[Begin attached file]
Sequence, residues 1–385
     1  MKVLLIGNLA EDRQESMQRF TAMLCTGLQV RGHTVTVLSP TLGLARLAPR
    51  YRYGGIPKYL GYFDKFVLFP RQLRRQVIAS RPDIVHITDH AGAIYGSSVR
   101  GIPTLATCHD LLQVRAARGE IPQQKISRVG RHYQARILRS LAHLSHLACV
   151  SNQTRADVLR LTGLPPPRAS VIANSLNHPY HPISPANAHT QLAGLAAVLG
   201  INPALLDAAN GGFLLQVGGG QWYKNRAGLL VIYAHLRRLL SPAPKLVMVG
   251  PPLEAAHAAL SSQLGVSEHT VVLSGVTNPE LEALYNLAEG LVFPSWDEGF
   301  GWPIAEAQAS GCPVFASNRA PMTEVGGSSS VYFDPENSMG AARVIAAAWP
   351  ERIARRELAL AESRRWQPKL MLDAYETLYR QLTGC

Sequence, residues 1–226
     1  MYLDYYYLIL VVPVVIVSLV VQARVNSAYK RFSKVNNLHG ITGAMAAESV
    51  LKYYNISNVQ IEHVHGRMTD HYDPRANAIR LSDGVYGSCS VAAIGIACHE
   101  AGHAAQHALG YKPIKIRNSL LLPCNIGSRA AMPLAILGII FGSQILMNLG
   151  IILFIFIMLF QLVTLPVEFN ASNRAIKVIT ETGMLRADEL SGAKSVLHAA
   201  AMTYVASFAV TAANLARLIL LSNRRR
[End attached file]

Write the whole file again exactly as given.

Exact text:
Sequence, residues 1–385
     1  MKVLLIGNLA EDRQESMQRF TAMLCTGLQV RGHTVTVLSP TLGLARLAPR
    51  YRYGGIPKYL GYFDKFVLFP RQLRRQVIAS RPDIVHITDH AGAIYGSSVR
   101  GIPTLATCHD LLQVRAARGE IPQQKISRVG RHYQARILRS LAHLSHLACV
   151  SNQTRADVLR LTGLPPPRAS VIANSLNHPY HPISPANAHT QLAGLAAVLG
   201  INPALLDAAN GGFLLQVGGG QWYKNRAGLL VIYAHLRRLL SPAPKLVMVG
   251  PPLEAAHAAL SSQLGVSEHT VVLSGVTNPE LEALYNLAEG LVFPSWDEGF
   301  GWPIAEAQAS GCPVFASNRA PMTEVGGSSS VYFDPENSMG AARVIAAAWP
   351  ERIARRELAL AESRRWQPKL MLDAYETLYR QLTGC

Sequence, residues 1–226
     1  MYLDYYYLIL VVPVVIVSLV VQARVNSAYK RFSKVNNLHG ITGAMAAESV
    51  LKYYNISNVQ IEHVHGRMTD HYDPRANAIR LSDGVYGSCS VAAIGIACHE
   101  AGHAAQHALG YKPIKIRNSL LLPCNIGSRA AMPLAILGII FGSQILMNLG
   151  IILFIFIMLF QLVTLPVEFN ASNRAIKVIT ETGMLRADEL SGAKSVLHAA
   201  AMTYVASFAV TAANLARLIL LSNRRR